‘Harry Chapin ~ When In Doubt, Do Something’ Documentary Film Review

Available to view at the Victoria Film Festival’s online edition, from Feb 5th to 14th. Virtual passes are available to purchase here.

Note: available to view for residents of British Columbia


Some of the best music from the ’60s and ’70s seems largely forgotten these days. Some bands like Led Zeppelin are a legacy and testament to the times, and solo artists like David Bowie are household names. Mention Harry Chapin and most music aficionados will remember him mostly for one tune: “Cat’s in the Cradle”. I regard him as a highly talented artist who truly brought story songs back to the public eye. He’s a maestro in that technique.

Rick Korn‘s film, When in Doubt, Do Something fondly remembers this songwriter and also offers up a splendid introduction to new listeners. Through new interviews playing over a collage of photographs, videos and other family archive material, I got to know him all over again. The presentation is nicely assembled to spotlight a hit list of his best songs.

Harry wasn’t a huge celebrity when compared to others of his time, such as Johnny Rivers, whose beginnings also included folk-rock. Chapin never believed he was a first-rate performer, but merely third. Even his brother Steve said he was the least proficient, musically.

We can argue about how his success came to be. VH1’s Behind the Music says more about the individual, such as revealing he had asthma. This latest film gives the surviving brothers’ account of Chapin family life as they grew up together. They reveal how Harry began writing new material because he believed the band he was part of, The Chapin Brothers, shouldn’t be doing covers all the time. We learn how deeply hurt Harry felt when they kicked him out of the band. Somehow he knew he was destined for greatness.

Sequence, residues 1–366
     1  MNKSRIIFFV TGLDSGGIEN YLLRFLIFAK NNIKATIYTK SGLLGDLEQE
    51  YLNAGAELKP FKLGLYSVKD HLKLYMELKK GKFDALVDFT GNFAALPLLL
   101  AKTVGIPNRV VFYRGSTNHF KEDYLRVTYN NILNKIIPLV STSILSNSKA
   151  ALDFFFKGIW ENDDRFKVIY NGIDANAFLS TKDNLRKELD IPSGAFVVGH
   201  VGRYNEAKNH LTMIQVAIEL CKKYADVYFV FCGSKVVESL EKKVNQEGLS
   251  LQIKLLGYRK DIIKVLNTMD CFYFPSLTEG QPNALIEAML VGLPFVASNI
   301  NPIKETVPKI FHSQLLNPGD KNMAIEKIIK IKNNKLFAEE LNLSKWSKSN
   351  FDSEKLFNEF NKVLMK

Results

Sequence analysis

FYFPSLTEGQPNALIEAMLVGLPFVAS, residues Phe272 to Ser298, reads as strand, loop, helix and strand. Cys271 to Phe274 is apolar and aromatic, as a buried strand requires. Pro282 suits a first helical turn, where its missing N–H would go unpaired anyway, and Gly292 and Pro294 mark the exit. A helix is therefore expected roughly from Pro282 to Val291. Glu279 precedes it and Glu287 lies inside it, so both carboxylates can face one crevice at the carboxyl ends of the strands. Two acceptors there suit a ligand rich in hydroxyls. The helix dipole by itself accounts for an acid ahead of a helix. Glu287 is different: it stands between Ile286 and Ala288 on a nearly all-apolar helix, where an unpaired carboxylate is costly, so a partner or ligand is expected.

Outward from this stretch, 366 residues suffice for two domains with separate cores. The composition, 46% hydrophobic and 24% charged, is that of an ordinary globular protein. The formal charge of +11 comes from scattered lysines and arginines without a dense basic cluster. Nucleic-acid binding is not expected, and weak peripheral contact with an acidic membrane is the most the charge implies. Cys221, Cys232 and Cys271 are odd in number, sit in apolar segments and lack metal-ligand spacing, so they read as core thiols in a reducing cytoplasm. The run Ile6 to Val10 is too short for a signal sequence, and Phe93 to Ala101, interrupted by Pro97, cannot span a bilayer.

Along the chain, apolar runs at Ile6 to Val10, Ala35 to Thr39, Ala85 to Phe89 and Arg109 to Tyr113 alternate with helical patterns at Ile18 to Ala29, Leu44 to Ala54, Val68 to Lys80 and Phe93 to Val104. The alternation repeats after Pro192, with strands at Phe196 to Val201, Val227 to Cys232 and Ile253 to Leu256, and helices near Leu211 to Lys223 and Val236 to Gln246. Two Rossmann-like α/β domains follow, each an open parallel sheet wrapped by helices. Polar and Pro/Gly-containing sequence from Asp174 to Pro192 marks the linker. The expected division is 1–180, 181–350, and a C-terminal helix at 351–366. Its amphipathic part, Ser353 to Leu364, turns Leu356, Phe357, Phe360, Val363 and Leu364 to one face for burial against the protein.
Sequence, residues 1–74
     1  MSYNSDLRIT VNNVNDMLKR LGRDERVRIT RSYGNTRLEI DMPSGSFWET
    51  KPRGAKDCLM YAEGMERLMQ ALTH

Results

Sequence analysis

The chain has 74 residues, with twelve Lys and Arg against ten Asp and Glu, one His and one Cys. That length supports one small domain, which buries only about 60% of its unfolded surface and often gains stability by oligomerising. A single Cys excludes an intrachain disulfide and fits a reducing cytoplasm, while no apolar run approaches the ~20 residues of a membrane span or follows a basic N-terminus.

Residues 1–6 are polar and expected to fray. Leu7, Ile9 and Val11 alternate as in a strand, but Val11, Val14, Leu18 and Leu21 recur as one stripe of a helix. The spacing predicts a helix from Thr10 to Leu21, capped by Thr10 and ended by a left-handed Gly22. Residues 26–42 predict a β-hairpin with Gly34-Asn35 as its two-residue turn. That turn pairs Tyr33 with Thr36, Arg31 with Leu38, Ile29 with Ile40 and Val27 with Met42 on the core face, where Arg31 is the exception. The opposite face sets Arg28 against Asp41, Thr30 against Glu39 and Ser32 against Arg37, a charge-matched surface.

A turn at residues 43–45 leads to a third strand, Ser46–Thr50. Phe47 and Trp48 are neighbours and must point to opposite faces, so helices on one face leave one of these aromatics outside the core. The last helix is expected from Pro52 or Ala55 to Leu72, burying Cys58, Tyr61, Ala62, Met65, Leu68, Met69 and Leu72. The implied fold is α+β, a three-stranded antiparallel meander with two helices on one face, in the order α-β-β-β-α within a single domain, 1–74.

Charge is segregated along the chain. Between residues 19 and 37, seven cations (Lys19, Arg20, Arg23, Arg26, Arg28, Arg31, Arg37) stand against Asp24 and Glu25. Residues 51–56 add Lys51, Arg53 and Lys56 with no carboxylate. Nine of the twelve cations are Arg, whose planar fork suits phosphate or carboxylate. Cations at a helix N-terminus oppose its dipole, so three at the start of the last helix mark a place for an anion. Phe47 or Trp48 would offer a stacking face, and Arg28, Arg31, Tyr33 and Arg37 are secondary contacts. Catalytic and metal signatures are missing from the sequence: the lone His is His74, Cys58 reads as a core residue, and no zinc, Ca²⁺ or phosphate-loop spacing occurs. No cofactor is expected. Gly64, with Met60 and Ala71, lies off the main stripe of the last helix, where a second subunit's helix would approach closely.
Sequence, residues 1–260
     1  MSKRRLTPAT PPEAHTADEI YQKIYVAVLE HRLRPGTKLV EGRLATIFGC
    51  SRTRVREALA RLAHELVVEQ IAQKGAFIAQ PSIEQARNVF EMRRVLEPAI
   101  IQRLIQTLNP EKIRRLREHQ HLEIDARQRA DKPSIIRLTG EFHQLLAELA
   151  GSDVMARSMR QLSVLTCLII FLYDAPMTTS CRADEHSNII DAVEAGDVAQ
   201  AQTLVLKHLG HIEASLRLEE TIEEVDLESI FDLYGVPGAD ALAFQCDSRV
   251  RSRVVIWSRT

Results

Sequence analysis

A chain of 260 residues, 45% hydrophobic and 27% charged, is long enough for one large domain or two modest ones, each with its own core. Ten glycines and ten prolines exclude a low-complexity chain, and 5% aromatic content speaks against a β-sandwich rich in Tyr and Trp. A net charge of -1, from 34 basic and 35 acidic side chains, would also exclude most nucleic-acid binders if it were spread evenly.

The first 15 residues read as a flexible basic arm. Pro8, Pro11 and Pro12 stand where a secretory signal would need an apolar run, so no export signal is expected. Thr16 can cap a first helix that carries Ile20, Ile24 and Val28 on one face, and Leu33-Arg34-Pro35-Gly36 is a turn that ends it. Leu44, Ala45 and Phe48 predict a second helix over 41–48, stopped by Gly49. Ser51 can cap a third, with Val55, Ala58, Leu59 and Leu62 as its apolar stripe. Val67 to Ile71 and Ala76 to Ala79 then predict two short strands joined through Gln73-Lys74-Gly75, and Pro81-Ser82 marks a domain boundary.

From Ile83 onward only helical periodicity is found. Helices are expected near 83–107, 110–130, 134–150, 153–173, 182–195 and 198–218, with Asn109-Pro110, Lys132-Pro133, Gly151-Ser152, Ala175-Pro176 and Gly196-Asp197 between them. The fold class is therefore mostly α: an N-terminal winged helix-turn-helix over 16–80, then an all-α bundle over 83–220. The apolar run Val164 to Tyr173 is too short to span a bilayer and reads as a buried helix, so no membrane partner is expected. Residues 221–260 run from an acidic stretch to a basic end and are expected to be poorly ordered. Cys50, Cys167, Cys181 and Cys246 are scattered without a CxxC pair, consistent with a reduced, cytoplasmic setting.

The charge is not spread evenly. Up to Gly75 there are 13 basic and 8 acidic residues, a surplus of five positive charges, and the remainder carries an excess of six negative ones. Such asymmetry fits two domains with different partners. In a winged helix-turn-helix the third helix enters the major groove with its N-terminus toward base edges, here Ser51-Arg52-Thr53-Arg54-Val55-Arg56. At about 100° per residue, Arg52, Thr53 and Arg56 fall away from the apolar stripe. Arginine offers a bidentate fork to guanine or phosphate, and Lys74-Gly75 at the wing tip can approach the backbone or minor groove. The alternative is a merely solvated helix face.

The latter part of the documentary offers recollections from the managers and the performers who knew and admired him. Thankfully, they reveal that he never let that fame get to his head. The talk is more focused on the New York music scene. Billy Joel, Pat Benatar, and Darryl “DMC” McDaniels have their own anecdotes about why Chapin left a mark on them.

The curious, like me, will still wonder if Chapin was known beyond America, since his time as a filmmaker saw him travel abroad which set him on the course to becoming a humanitarian. When he was in Africa making a documentary about third world poverty, the experience changed his life. He went on to lead a one-man crusade to end world hunger.

As we head deeper into the 21st Century, it’s not just the voices of the Millennial generation clamoring for change. Korn’s work is one of historical significance as it reminds the world that Chapin was one of the early few whose dedication impacted We Are the World, Hands Across America and Live Aid . These were major events that took place within a couple of years of his death in 1981. Harry was just 38 years old, a tragic victim of a highway accident.

Harry Chapin believed strongly that musical benefits could bring about awareness and change. He lived by example. Rick Korn’s film is a worthy tribute to a great musician who became a great humanitarian.

4 Stars out of 5